Luis v. Zang et al

Filing 188

MEMORANDUM OPINION AND ORDER: Plaintiff's motion for the appointment of counsel, for the appointment of an expert and for miscellaneous relief #182 is DENIED; Plaintiff's motion for extension of time in which to move to further amend his complaint against Awareness and/or to add new parties #185 is DENIED AS MOOT in light of Plaintiff's compliance with the 1/31/17 deadline; Plaintiff's second amended complaint #186 shall be STRICKEN based solely on the referenced procedural error, and shall not be refiled without leave of this Court. Signed by Magistrate Judge Stephanie K. Bowman on 2/1/17. (sct)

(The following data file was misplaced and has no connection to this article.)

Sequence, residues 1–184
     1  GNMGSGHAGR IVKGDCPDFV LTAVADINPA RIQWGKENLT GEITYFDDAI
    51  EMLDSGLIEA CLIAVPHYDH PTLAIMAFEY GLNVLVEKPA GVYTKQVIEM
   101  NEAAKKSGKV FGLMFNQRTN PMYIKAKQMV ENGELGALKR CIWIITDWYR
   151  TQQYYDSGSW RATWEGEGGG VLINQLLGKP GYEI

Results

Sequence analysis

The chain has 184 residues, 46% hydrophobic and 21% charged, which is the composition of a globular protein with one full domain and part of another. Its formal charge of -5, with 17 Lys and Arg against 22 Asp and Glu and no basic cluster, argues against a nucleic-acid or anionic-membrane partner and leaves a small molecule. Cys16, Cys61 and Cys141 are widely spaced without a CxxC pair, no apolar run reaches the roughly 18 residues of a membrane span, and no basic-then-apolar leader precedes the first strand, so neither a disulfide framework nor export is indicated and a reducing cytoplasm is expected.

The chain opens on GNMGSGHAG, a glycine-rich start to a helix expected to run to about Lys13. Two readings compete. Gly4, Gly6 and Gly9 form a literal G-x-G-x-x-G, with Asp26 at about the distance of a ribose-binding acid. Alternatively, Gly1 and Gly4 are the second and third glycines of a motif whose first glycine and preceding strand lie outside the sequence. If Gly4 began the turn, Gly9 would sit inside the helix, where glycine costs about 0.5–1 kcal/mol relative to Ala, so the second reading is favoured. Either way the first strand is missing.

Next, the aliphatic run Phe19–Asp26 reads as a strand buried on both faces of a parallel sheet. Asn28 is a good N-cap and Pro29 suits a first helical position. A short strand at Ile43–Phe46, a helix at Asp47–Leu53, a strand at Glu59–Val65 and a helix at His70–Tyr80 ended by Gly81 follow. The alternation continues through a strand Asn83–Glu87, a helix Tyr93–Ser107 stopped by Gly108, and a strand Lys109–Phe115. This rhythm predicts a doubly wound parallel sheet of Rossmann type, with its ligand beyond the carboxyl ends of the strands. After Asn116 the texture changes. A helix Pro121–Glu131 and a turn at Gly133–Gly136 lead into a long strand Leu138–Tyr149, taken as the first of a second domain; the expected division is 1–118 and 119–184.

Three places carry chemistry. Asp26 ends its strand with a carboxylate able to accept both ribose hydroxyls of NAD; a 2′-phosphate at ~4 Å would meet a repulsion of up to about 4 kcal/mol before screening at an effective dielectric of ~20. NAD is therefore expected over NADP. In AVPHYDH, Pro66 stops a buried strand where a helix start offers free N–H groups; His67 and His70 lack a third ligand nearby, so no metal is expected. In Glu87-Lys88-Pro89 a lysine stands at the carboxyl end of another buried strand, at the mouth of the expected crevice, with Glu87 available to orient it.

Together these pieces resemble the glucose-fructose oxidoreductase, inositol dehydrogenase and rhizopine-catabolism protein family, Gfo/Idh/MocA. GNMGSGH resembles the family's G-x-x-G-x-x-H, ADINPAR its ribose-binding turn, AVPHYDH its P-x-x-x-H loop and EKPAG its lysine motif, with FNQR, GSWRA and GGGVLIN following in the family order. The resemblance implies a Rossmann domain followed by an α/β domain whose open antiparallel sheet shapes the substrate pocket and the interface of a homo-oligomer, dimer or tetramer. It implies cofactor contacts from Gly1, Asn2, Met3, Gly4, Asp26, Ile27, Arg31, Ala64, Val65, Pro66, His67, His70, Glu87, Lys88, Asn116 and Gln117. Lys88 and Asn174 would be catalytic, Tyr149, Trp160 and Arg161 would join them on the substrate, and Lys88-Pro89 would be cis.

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UNITED STATES DISTRICT COURT SOUTHERN DISTRICT OF OHIO WESTERN DIVISION JAVIER LUIS, Case No. 1:12-cv-629 Plaintiff, Dlott, J. Bowman, M.J. v. JOSEPH ZANG, et al., Defendants. MEMORANDUM OPINION AND ORDER This case is before the undersigned following remand from the Court of Appeals for the Sixth Circuit. Currently pending is Plaintiff’s second motion to appoint counsel, 1 to appoint an expert, and for miscellaneous relief. (Doc. 182). On January 20, 2017, Plaintiff filed an “emergency motion for extension of filing deadline and for a determination or ruling on pending motion for appointment of counsel.” (Doc. 185). Both of Plaintiff’s motions will be denied. I. Background Since filing suit nearly five years ago, Plaintiff has proceeded pro se in the prosecution of his claims at the trial court level, although he was represented by counsel during the pendency of his successful appeal to the Court of Appeals for the Sixth Circuit. That appeal challenged this Court’s dismissal of Plaintiff’s claims against a single defendant, Awareness Technologies, Inc. In a published opinion reversing and remanding that decision, the Sixth Circuit summarized the facts as follows: 1 Plaintiff refers to a ruling that denied an earlier motion to appoint counsel, but the docket sheet of this case does not reflect the referenced order. The current motion amends an earlier version of the same motion, but the prior version was withdrawn. (Doc. 180). Javier Luis, a resident of Florida, developed an online personal relationship with Ohio resident Catherine Zang. The relationship was apparently platonic, but Catherine’s husband, Joseph Zang, was nonetheless suspicious of his wife’s online activities. This caused Joseph to secretly install a product known as WebWatcher on the computer used by Catherine in order to monitor her communications. According to Luis, WebWatcher and its manufacturer, Awareness Technologies, Inc., surreptitiously intercepted the emails, instant messages, and other communications that were sent between Luis and Catherine. Awareness then allegedly disclosed the communications to Joseph, who used them as leverage to divorce Catherine on favorable terms. Upset by the capture and disclosure of his otherwise private communications, Luis filed suit against Joseph Zang, Awareness, and several others. He eventually settled his claims against all the defendants other than Awareness. With respect to Awareness, Luis alleged that the involvement of its WebWatcher “spyware” in secretly recording the communications at issue violated the federal Wiretap Act, the Ohio Wiretap Act, and Ohio common law. Luis v. Zang, 833 F. 3d 619, 623 (6th Cir. 2016). Underlying Plaintiff’s appeal was a Report and Recommendation (“R&R”) filed on March 5, 2013, in which the undersigned recommended that Awareness’s motion to dismiss all claims for failure to state a claim be granted. That R&R was adopted by the presiding district judge. In a spit decision, the appellate court disagreed with this Court’s dismissal of Plaintiff’s claims, holding that Plaintiff had adequately stated two federal claims under different sections of the federal Wiretap Act as well as related state law claims. The majority opinion 2 found Plaintiff to have adequately alleged: (1) that Awareness intentionally intercepted Luis’s electronic communications, in violation of 18 U.S.C. §2511; (2) that Awareness also violated 18 U.S.C. §2512; and (3) that Awareness 2 Judge Gilman delivered the opinion of the court, in which Judge Merritt joined and as to which Judge Batchelder dissented. As the dissent points out, Luis did not present his current theory of his claims against Awareness before the undersigned, but instead first raised them in his objections to the R&R. Id. at 644 n.1. 2 violated Ohio state law (a) by intercepting and using his electronic communications within the meaning of Ohio’s Wiretap Act, and (b) by invading his privacy within the meaning of the common-law tort. See id. at 625 (defining Plaintiff’s causes of action). In the intervening time period between the dismissal of Awareness by this Court and reinstatement of the claims against Awareness on remand, ten other defendants in this case, as well as all claims and additional defendants in a closely related and partially consolidated case, have been dismissed. Thus, at this point in the litigation, only Awareness and Plaintiff remain. On remand, Plaintiff seeks the appointment of counsel by this Court, as well as the appointment of one or more experts on his behalf. (Doc. 182). Defendant Awareness has filed a response in opposition to Plaintiff’s motion, to which Plaintiff has filed a reply. (Docs. 183, 184). II. Analysis A. Plaintiff’s Motion for the Appointment of Counsel Plaintiff’s 22-page motion seeks the appointment of counsel under 28 U.S.C. § 1915(e)(1), which states that a court “may request an attorney to represent any person unable to afford counsel.” While the statute permits a court to exercise its discretion to seek the appointment of counsel for an indigent person, civil litigants have no constitutional right to the appointment of counsel at government expense. See Anderson v. Sheppard, 856 F.2d 741 (6th Cir. 1988). The instant case does not present the type of “exceptional circumstances” that would justify this Court’s rare request to counsel to take on the pro bono representation of a pro se civil litigant. Lavado v. Keohane, 992 F.2d 601, 605-606 (6th Cir. 1993); 3 Glover v. Johnson, 75 F.3d 264, 268 (6th Cir. 1996)(observing that courts do not appoint counsel in civil cases absent “truly extraordinary” circumstances). The type of “exceptional” or “truly extraordinary” circumstances that would justify the appointment of counsel extends well beyond relatively routine factors such as illiteracy, poverty, lack of legal knowledge, or illness. Unfortunately, the Court’s civil case docket contains large numbers of civil cases filed by plaintiffs proceeding pro se who seek the Court’s appointment of counsel. Virtually all of them would benefit from the appointment of counsel, but virtually none of them will be appointed counsel. While many of these cases are initiated by prisoners, others are filed by individuals who suffer from a variety of serious mental or physical illnesses, or who, like Plaintiff herein, cite poverty and a desire to level the playing field. (See, e.g. Doc. 182 at 14, arguing a “solo pro se [plaintiff] versus a corporate entity’s boundless resources is hardly fair under anyone’s definition of justice.”) One of the many reasons that this Court cannot appoint counsel to the vast majority of pro se litigants who seek such appointments is that the Court does not have either funds from which counsel can be compensated, or a ready list of attorneys who are eager to take on such cases without compensation. Importantly, this Court has no power to appoint counsel unless counsel is also willing to serve, because §1915(e)(1) only authorizes a “request” that an attorney represent an in forma pauperis litigant. See Mallard v. United States District Court, 490 U.S. 296 (1989). Congress generally provides funding for the appointment of defense counsel only in criminal cases, in which the right to counsel is secured by the Sixth Amendment of the United States 4 Constitution. No similar right to counsel exists for an individual who voluntarily initiates a civil suit for money damages, no matter how meritorious a plaintiff may believe his or her claim to be. A small number of federal statutes, including those relating to the representation of social security claimants and some civil rights laws, provide for compensation of attorney’s fees in civil cases – typically, at the conclusion of a case if a plaintiff’s attorney has prevailed on the merits. However, such cases are an exception to the American rule that each side in litigation must bear his or her own litigation costs. Residence in Florida Not Grounds For Appointment Plaintiff urges this Court to appoint him counsel based upon the fact that he resides in Florida, where he first initiated this litigation. He asserts that “his knowledge of local procedures in a court 1,000 miles away is surely lacking.” Plaintiff admits he has been “moderately successful” at writing motions and supporting legal memoranda, but argues that he “is not adept at the procedural rules” including discovery. Plaintiff does not need counsel to assist him with “local procedures” in this Court, as all local rules and practices are publicly available on the Court’s website. Likewise, the rules of discovery along with relevant case law may be ascertained through the same type of thorough legal research that Plaintiff has proven himself capable of through virtually every motion and memorandum he has filed. With respect to Plaintiff’s continued complaints that “there is no good reason for this case to have remained in Ohio after the other defendants all settled,” (Doc. 182 at 14), the undersigned can only reiterate this Court’s prior observation. The Florida district court transferred this case to this district after ruling that it lacked personal 5 jurisdiction over the Defendants. 3 (Doc. 64). In rejecting a prior complaint about the transfer, the undersigned wrote: Plaintiff cannot claim entitlement to a forum where jurisdiction did not lie. As Defendants and the Florida court pointed out, Plaintiff made no argument in opposition to the claim of improper venue. Regardless of his current opposition, the prior ruling is the law of the case and will not be revisited by this Court. (Doc. 142 at 11, PageID 1061). The fact that all Defendants other than Awareness (a California corporation) have now been dismissed, as has the closely related case with which Mr. Luis’s case was previously partially consolidated, does not change the law of the case concerning jurisdiction and venue. In any event, Plaintiff has stated that he intends to continue in this Court. (Doc. 182 at n. 20). Demonstrated Abilities Disfavor Appointment Plaintiff’s current motion and entire course of this litigation underscore that Plaintiff is more than capable of pursuing his remaining claims against Awareness pro se. Plaintiff’s level of skill, intelligence, and ability to articulate his claims and perform legal research are obvious, and would be supported by the many documents that Plaintiff has filed in the record even if Plaintiff had not graduated from law school. 4 Given the dramatic reduction in the number of claims and defendants through 3 Pursuant to an Amended Order of Consolidation filed on January 31, 2013, a pre-existing related case in this Court (Case No. 1:11-cv-884) and the above-captioned case were partially consolidated solely for purposes of pretrial proceedings. (Doc. 101). 4 The record reflects that Plaintiff graduated from law school, although he apparently never sat for a bar exam. This Court’s recognition of Plaintiff’s educational achievement is intended as but one of many factors considered in the discretionary determination of whether to appoint counsel. It is not, as Plaintiff protests, an indication that this Court has ignored the practice of construing pro se pleadings liberally. 6 settlement and dismissal, 5 as well as the dismissal of a related case, this case has become less complex than when originally filed. In addition, the Sixth Circuit’s analysis has effectively parsed the relevant factual and legal issues in Plaintiff’s remaining claims against Awareness. Desire to Overturn Precedent Not Grounds For Appointment Plaintiff contends that he also seeks the appointment of counsel due to the “judicial neutering of the Wiretap Act[],” (Doc. 182 at 7). Plaintiff makes clear that he seeks assistance to overturn established legal precedent interpreting the Wiretap Act, including but not limited to a “contemporaneity” requirement that was upheld by the Sixth Circuit in this case. “[T]his lawsuit will not turn its attention towards an eventual circuit court redress of that long outdated and always highly improper ‘contemporaneous intercept’ standard.” (Id.) “Addressing the ‘contemporaneous standard’s’ dangerous limitations …will be a primary focus in appeals in the second half of this lawsuit. Surely there is a need for an eventual overturning of the ‘contemporaneous standard’ of intercept.” (Id.) He writes further: “[T]his case has yet to truly address the main reason for this lawsuit – the eventual overturning of a Sixth Circuit precedent that helped enable the spyware industry to gain a foothold in the corporate world.” (Id. at 11, citing Smoot v. United Transportation Union, 246 F.3d 633 642-645 (6th Cir. 2001)). 6 5 Awareness questions Plaintiff’s ability to maintain in forma pauperis status in light of his prior settlements for “at least $30,000,” but the Court finds no grounds to question Plaintiff’s status at this time. 6 Citing Smoot’s holding on damages. Plaintiff states that he will “now focus on…how improper interpretation of Congressional intent of intended damages has undermined the Wiretap Act in the Digital Age.” (Doc. 182 at 17, n.14). Plaintiff’s challenge to established law on damages is extremely premature. 7 Plaintiff hopes that his case will “herald the beginning of the end of employer monitoring in the workplace.” (Doc. 182 at 11). However, Plaintiff’s request for counsel to challenge established and controlling Sixth Circuit precedent, including a holding in this very case, is not grounds for such appointment. In the original 2013 R&R, this Court briefly explained the differences between the Wiretap Act and the Store Communications Act, as defined both by the statutory provisions and relevant case law. The undersigned noted that the majority of courts have held that the Wiretap Act prohibits only the “contemporaneous” interception of electronic communications. This Court also reasoned that Plaintiff had adequately pleaded that an “intercept” occurred. (See Doc. 109 at 14). On appeal, the Sixth Circuit upheld the contemporaneity requirement, holding that the definition of “intercept” applies “solely to the transfer of electronic signals,” and “does not apply to the acquisition of signals that are no longer being transferred” but are instead found in electronic storage. Id., 833 F.3d at 627. The Sixth Circuit emphasized that interception “must thus occur contemporaneously with the transmission of the communication; it must, in other words, catch the communication ‘in flight’ before the communication comes to rest and ceases to be a communication.” Id. at 627-628, citing Steve Jackson Games, Inc. v. U.S. Secret Service, 36 F.3d 457, 461-62 (5th Cir. 1994); see also United States v. Szmuszkiewicz, 622 F3d 701, 704 (7th Cir. 2010), as amended (Nov. 29, 2010). While the Sixth Circuit agreed with this Court concerning the definition of “intercept,” the appellate court disagreed with the view that a manufacturer like 8 Awareness could not be held liable under either § 2511 or § 2512 of the Wiretap Act. 7 Instead, construing Plaintiff’s allegations liberally, the Sixth Circuit held that the marketing materials filed as an exhibit to the complaint along with the amended complaint contained “factual content sufficient to support a reasonable inference that Awareness, via WebWatcher, acquired Luis’s electronic communications contemporaneously with their transmission” or while they were “in flight” for purposes of § 2511. (Id. at 630). 8 The Sixth Circuit further reasoned that Congress’s definition of the class of defendants subject to civil suit under § 2520 of the Wiretap Act was “broad enough to include those entities – such as Awareness – that allegedly violate §2512(1)(b) by manufacturing and remaining involved in the operation of a device that is primarily used to commit such violations” despite the fact that §2512 alone (a criminal provision) does not permit private civil suits. Id. at 635. Thus, the Sixth Circuit confirmed that if the facts alleged are proven, Awareness can be held civilly liable under § 2512 and § 2520 for taking “a much more active role in causing the Wiretap Act violation in this case” than in other cases in which an individual defendant merely possessed a device. Id. at 637. Intention to Seek New Defendants or Claims Not Grounds for Appointment Plaintiff argues that during discovery, he will seek “other viable defendants,” speculating that “there is a likelihood that Defendant operates in conjunction with other 7 Id. at 19-20 (pointing out that “the distcrict court largely agreed with the above analysis and concluded that Luis’s communications had been intercepted,” but holding that this Court erred in failing to find that Luis had properly alleged “that Awareness itself – not simply the WebWatcher user” is “responsible for the alleged intercept.” 8 The Sixth Circuit also held that this Court erred by relying upon an affidavit submitted by Awareness with its motion to dismiss, without converting the motion to one for summary judgment. 9 larger software companies” that may somehow be liable through their “hidden affiliations” with Awareness, which Plaintiff believes can only be discovered by “a computer expert and/or experienced lawyer.” (Doc. 182 at 11). Plaintiff’s speculation that new unidentified claims and/or Defendants may yet exist is not grounds for the appointment of counsel. Even if Plaintiff could assert new claims that would not be time-barred against newly discovered defendants, the Sixth Circuit’s opinion narrowly defines the parameters of civil liability. See Luis v. Zang, 633 F.3d at 637 (holding that a defendant “is subject to a private suit under § 2520 only when that defendant also plays an active role in the use of the relevant device to intercept, disclose, or intentionally use a plaintiff’s electronic communications.”). No Additional Reasons Favor Appointment In the last seven pages of his supporting memorandum, Plaintiff argues vigorously that he should be appointed counsel on the basis of: (1) the presumed merits of his claims; (2) “exceptional circumstances”; (3) Plaintiff’s inability to retain counsel due to the low amount of recoverable damages (under existing law) and the lack of familiarity of most attorneys with Internet law; and (4) Plaintiff’s view that this Court’s past rulings demonstrate an abuse of discretion, and that a failure to appoint counsel constitutes an additional abuse of discretion. None of the additional grounds persuade the undersigned to appoint counsel at this time. In contrast to Plaintiff’s insistence that the Sixth Circuit’s opinion reflects the “proven…merit” of his claims, that court expressed no opinion on the merit of Plaintiff’s claims. Instead, as a matter of first impression, the Sixth Circuit merely held that 10 Plaintiff had adequately pleaded several closely related federal and state claims, such that Defendant Awareness should be made to file an answer. At this point in the litigation, discovery has barely begun, and the merits remain uncertain. In its response in opposition to Plaintiff’s motion for counsel, Awareness insists that it has evidence that the WebWatcher product does not operate in the manner alleged by Plaintiff in his complaint, but instead “operates by removing items from stored memory of the computer on which the software program has been installed.” (Doc. 183 at 2). Awareness apparently intends to move for summary judgment on this factual issue, which goes to the heart of the “contemporaneity” requirement and definition of “intercept” of electronic communications. 9 Considering all factors cited by Plaintiff, quite apart from practical considerations, 10 the undersigned finds no exceptional circumstances exist to support the appointment of counsel at this time. If dispositive motions are denied after discovery, Plaintiff may refile his motion to seek the assistance of trial counsel. But see generally Lince v. Youngert, 136 Fed. Appx. 779 (6th Cir. June 3, 2005) (upholding denial of trial counsel based upon observed capabilities of plaintiff as an able advocate who successfully opposed two motions for summary judgment, even if skilled attorney might have more skillfully tried the case). 9 Plaintiff has suggested that he does not (yet) know whether he can satisfy the “contemporaneity” requirement under current law. In fact, he expresses an intention to use this lawsuit to overturn controlling Sixth Circuit precedent, including the contemporaneity requirement. 10 Plaintiff seeks counsel with particular expertise in technical issues. This Court does not maintain a list of attorneys willing to accept pro bono appointments in civil cases, much less a list of attorneys with the type of unique and specific technical expertise that Plaintiff seeks. 11 Plaintiff also remains free to seek the appointment of counsel to represent him in a court-facilitated settlement conference. This Court will appoint counsel for pro se litigants when all parties have expressed an interest in a court-facilitated mediation. The appointment of counsel for that limited purpose is less rare in part because it is less burdensome, usually requiring counsel to appear together with Plaintiff on only a single day to negotiate a settlement with opposing counsel. 11 B. Plaintiff’s Motion for the Appointment of Experts In addition to seeking counsel, Plaintiff seeks the appointment of one or more technical experts on his behalf to “peer into the clandestine infrastructure within the little known corporate world of weapons-grade spyware likely derived and/or perfected in national security agency labs.” (Doc. 182 at 4). He argues that the “nature of eDiscovery and the complicated software and algorithms central to this case demand appointment of experts in this field,” and that such experts are prohibitively expensive. (Id. at 12). He suggests that the “timing of the intercepts, the algorithms used by their programmers to weed out illegal intercepts, as well as their marketing strategies are something Plaintiff is not adept at investigating.” (Id. at 13). Plaintiff expresses hope that discovery of root kit software by an expert “will…likely expose the role that [national] security agencies played in unleashing this powerful root kit based software into the hands of corporate America,” which “could lead to a larger expansion of this case delving into [the] intentional release of government lab created software into the hands of the public….” (Doc. 182 at 11, n.7). 11 It is the practice of this Court for court-facilitated settlement conferences to be set before a different magistrate judge than the one who oversees pretrial management of the case. 12 Plaintiff cites Federal Rule of Evidence 706, which permits the court “discretion to appoint an expert and to apportion costs.” However, Rule 705 pertains to the appointment of a trial expert for the court and by the court. Neither Rule 706 nor any other provision provides for the appointment of an expert on behalf of an indigent plaintiff. Congress has authorized the waiver of filing fees and for transcript fees in some circumstances for litigants who proceed in forma pauperis, but has not authorized the waiver of other litigation expenses such as experts, court reporter costs, or copies. See generally Boring v. Kozakiewicz, 833 F.2d 468, 474 (3d Cir. 1987), cert denied, 108 S. Ct. 1298 (1988). As other courts have explained in denying similar motions: The authority of the Court to appoint an expert witness is virtually unquestioned. Fed.R.Evid. 706 (advisory committee notes) (citations omitted). But “[t]he rule does not provide a method by which the court may afford expert witness testimony to an indigent litigant at public expense. Congress has not appropriated any funds for the hiring of expert … witnesses to support the claims of indigent civil litigants.” Baker v. County of Missaukee, No. 09–01059, 2011 WL 4477154, at *3 (W.D.Mich. Sept. 26, 2011). Colton v. Scutt, 2012 WL 5383115, at *7 (E.D.Mich.,2012). Rule 706 permits the Court to appoint an expert witness to aid the Court, not a party, and requires his or her compensation to be taxed as a cost to the parties, not paid by the Court. Fed.R.Evid. 706(b), (c). See Colton v. Scutt, No. 10–CV–13073, 2012 WL 5383115, at *7 (E .D.Mich. Nov. 1, 2012) (citing Dodson v. Wilkinson, 304 F. App'x 434, 442 (6th Cir.2008)), aff'd, Colton v. Cohen, 2013 WL 3724835, at *2 (E.D.Mich. July 15, 2013). Because indigent plaintiffs must still bear the costs incident to litigation, including the payment of witness fees, Brown, 74 F. App'x at 614–15, [plaintiff] may not shift that expense to an opposing party or the Court. Christensen v. U.S., 2014 WL 1513140, at *4 (E.D.Ky.,2014). In short, if this Court desires an expert to aid the Court at trial, it can and will appoint one. However, it cannot 13 and will not appoint an expert to assist Plaintiff in discovery or to prove his claims at trial. C. Emergency motion for an extension of filing deadline and for a determination or ruling on motion for appointment of counsel While Plaintiff’s motion for the appointment of counsel was under review, dissatisfied with the Court’s failure to rule as quickly as desired, Plaintiff filed an “emergency motion for extension of filing deadline and for a determination or ruling on pending motion for appointment of counsel.” In this second motion, Plaintiff references the undersigned’s statement during a pretrial case conference held in November, 2016 that the Court would endeavor to rule quickly on his anticipated motion for counsel. Plaintiff states that he “put on hold” any work on a motion to amend the pleadings, which deadline the Court set for January 31, 2017, in order to allow hoped-for counsel to assist him. Plaintiff’s current motion for counsel was not filed until after the calendar order was entered, and was not fully briefed until December 6, 2016. This Court has many cases, with criminal cases necessarily taking priority over civil cases. Although many motions for the appointment of counsel can be resolved more quickly than this one, the Court owes no apology for taking extra time to research and thoroughly consider Plaintiff’s motion and extensive memoranda in this case, or for the additional time it took to construct this correspondingly detailed Memorandum Opinion and Order. The deadlines set forth in November 3 calendar order were never conditioned on whether or not counsel would be appointed on Plaintiff’s behalf, or when that motion 14 would be ruled upon. For that reason alone, denial of Plaintiff’s request for a 30-day extension of the deadline to move to amend his pleadings or add parties would have been appropriate. However, the motion to extend the deadline is also now moot, as Plaintiff complied with the existing deadline by filing a motion seeking leave to amend. Plaintiff appropriately included a copy of the tendered amended complaint as an exhibit to his motion for leave. (Doc. 187). However, he committed a procedural error by simultaneously filing the second amended complaint prior to the Court ruling on his motion for leave to file that pleading. (Doc. 186). The procedurally improper amended complaint will be stricken from the record as unauthorized, pending full briefing and a judicial ruling on the pending motion. III. Conclusion and Order 1. Plaintiff’s motion for the appointment of counsel, for the appointment of an expert and for miscellaneous relief (Doc. 182) is DENIED; 2. Plaintiff’s motion for extension of time in which to move to further amend his complaint against Awareness and/or to add new parties (Doc. 185) is DENIED AS MOOT in light of Plaintiff’s compliance with the January 31, 2017 deadline; 3. Plaintiff’s second amended complaint (Doc. 186) shall be STRICKEN based solely on the referenced procedural error, and shall not be refiled without leave of this Court. s/ Stephanie K. Bowman Stephanie K. Bowman United States Magistrate Judge 15